OCR Interpretation


The day book. (Chicago, Ill.) 1911-1917, April 30, 1913, Image 4

Image and text provided by University of Illinois at Urbana-Champaign Library, Urbana, IL

Persistent link: http://chroniclingamerica.loc.gov/lccn/sn83045487/1913-04-30/ed-1/seq-4/

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"Each of them swore that you are in
the habit of cursing , the girls. How
about it?"
"Aw, the girls are liars," saidr Alex
ander, and the hired- claque of Big
Business cheered. "
The commission sat silent, looking
at Alexander steadily. He had the
grace to flush.
"You see," he said, when the si
lence had become painful. "We're all
for speed at our place. That's the
way with every factory, ain't it?"
"That's what we're trying to find
out," said Lieut. Gov. O'Hara grimly.
"Don't you feel that it is the duty
of the factory to feed, blanket and
shelter its help as they care for even
the horses they force to work for
them?" asked Senator Juul.
"No, I don't," said Alexander stub
bornly. "I tell you a foreman in a
shoe factory is entitled to drink
Leer."
"What's that?" demanded O'Hara.
"I said a foreman in a shoe factory
it ' -.titled to drink beer," said Alex
ander, moving uncomfortably in his
chair.
"Have you been drinking beer be
fore appearing before this commis
sion, I mean?" demanded O'Hara.
".No," said Alexander.,,
There was another long silence.
Alexander was looking still more un
comfortable. "You see," he -said, at last "We
must make boxes there as cheap as
we possibly can." '
"You say your salary is $20 a
week?" asked O'Hara.
"Yes," said Alexander.
"You aren't making much more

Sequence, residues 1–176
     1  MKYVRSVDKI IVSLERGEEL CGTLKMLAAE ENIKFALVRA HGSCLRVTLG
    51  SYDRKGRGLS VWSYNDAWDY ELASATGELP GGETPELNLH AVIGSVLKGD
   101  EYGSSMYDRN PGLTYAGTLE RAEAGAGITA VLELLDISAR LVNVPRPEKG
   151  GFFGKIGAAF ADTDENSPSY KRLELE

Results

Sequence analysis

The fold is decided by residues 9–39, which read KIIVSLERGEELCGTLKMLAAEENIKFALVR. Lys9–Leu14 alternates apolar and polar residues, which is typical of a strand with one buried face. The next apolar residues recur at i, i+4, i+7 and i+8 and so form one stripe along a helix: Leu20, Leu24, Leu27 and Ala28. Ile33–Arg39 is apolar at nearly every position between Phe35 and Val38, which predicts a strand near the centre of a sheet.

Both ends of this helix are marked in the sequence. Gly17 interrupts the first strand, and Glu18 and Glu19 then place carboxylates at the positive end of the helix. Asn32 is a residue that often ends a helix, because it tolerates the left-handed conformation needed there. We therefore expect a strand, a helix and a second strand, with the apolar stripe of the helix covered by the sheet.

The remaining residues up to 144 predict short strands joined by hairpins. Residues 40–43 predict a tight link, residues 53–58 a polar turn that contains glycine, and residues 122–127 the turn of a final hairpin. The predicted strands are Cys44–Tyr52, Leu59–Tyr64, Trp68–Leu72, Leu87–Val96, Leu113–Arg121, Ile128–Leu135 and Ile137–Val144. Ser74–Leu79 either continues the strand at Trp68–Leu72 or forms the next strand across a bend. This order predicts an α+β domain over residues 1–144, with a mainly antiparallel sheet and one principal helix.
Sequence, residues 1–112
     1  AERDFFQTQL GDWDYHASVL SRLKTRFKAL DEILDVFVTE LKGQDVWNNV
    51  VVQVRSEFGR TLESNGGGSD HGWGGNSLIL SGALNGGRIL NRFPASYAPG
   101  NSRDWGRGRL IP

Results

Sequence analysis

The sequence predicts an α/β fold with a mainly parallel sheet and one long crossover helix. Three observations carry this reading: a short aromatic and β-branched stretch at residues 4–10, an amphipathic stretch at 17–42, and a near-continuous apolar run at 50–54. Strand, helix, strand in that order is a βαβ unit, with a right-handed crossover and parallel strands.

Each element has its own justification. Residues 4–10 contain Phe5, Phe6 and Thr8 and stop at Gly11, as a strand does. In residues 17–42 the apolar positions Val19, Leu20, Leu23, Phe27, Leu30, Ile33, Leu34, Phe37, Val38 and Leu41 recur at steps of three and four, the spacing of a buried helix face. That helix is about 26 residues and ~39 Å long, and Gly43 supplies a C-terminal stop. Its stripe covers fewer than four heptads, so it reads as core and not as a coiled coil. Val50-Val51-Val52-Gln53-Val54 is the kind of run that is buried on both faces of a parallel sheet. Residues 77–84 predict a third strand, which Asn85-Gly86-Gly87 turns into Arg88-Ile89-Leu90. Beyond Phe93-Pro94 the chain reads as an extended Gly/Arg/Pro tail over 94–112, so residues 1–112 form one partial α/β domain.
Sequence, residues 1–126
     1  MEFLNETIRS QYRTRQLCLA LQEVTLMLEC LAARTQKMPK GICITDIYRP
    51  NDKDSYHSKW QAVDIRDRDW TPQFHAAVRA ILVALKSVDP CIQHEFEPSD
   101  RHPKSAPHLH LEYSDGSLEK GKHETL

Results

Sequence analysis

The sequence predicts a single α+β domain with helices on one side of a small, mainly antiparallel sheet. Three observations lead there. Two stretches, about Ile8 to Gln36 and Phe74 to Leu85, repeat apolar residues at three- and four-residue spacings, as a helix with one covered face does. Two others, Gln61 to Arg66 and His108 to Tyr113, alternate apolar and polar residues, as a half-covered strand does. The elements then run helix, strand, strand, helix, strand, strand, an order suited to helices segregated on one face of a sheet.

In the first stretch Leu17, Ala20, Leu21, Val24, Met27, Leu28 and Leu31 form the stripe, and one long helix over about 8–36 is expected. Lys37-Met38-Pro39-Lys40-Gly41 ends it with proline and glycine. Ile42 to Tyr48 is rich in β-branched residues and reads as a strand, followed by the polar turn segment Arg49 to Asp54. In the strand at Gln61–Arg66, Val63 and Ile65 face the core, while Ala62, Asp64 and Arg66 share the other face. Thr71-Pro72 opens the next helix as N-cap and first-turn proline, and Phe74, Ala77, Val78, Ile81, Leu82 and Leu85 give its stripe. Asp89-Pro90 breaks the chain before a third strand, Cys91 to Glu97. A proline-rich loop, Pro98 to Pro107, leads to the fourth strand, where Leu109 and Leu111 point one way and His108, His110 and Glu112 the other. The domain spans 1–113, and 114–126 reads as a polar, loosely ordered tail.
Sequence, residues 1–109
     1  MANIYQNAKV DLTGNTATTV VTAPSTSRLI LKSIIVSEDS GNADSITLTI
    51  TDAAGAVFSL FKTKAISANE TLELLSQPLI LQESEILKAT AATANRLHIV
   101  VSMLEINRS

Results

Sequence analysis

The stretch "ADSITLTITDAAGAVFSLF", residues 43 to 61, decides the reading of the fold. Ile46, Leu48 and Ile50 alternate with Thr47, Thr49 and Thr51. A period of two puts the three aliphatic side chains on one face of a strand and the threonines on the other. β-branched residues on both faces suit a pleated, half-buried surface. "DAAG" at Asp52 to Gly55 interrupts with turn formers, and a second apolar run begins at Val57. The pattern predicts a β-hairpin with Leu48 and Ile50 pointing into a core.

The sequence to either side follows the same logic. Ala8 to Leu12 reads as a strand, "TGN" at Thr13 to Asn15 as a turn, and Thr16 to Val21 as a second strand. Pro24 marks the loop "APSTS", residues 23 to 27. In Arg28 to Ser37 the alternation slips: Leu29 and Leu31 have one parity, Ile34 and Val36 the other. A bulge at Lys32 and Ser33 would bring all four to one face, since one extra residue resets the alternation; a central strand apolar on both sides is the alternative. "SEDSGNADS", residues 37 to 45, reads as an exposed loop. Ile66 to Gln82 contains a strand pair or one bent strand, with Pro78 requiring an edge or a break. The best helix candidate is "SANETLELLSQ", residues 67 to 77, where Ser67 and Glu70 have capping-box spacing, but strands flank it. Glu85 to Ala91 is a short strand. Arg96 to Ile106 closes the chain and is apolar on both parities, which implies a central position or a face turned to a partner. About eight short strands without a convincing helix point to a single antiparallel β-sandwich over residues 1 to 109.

than it takes to keep yourself and
your wife then, are you?"
Alexander did not answer.
"Isn't it a fact that you are no't
making much more than it costs
your wife and yourself to live?" per
sisted O'Hara.
Alexander shifted around in his
chair for a few minutes. His face
became a dull red.
"No," he stammered, at last "I
I guess I'm up against itvjust like
they just like the girls are. I never
saved a red cent in my life."
The foreman who had boasted he
was "going to make a goat of the
commission" .was broken.
Neither Lieufc-Gov. O'Hara nor any
other member of the commission was
the least bit dismayed by the open
threats of Big Business to get him
today.
"We're not nearly through with
Springfield," said the lieutenant gov
ernor. "The opposition that developed last
night was not the sort we expected.'
We expected at least decency. But
the kind of opposition we did get has
Voused the commission's fighting
blood.
"We have uncovered some inter
esting facts about Springfield factor
ies already, in particular the shoe
trust's factories.. We intend to un
cover some more.
"Indeed, since those who are try
ing to crush the commission have re
sorted to such "methods, I think the
commission will1 stop in Springfield
every once in a while and give them
a probe. They seem to need it
since it hurts so much." .
''Quit because a lot of roughnecks.
:have tried to make us quit?" snapped'
Senator Beall. "Not on your life.
We'll only go after them the harder
and make it all the hotter for them.
If they want a fight, this commission
is right ready to give it to 'em."
There are three forces working to
destroy the commission the Inter
national Shoe Co., which has suffered
worst ,in the eyes of the people
through the low wage probe: a Chi
cago brewery which supplies jnosUof
the beeiconsume.d in the houses of
prostitution throughout the state
and the Springfield newspaper trust
The shoe trust is believed to be at
the head of the strong-arm tactics
attempted at last night's meeting. It
is not thought likely that such tac
tics will be used again. They only.
have attracted more attention to.shoo

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